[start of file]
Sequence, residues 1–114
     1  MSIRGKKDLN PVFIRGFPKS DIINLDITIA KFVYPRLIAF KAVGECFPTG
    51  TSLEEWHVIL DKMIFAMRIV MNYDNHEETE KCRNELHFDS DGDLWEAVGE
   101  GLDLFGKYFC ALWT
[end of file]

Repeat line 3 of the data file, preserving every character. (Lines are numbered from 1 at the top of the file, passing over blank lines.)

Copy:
    51  TSLEEWHVIL DKMIFAMRIV MNYDNHEETE KCRNELHFDS DGDLWEAVGE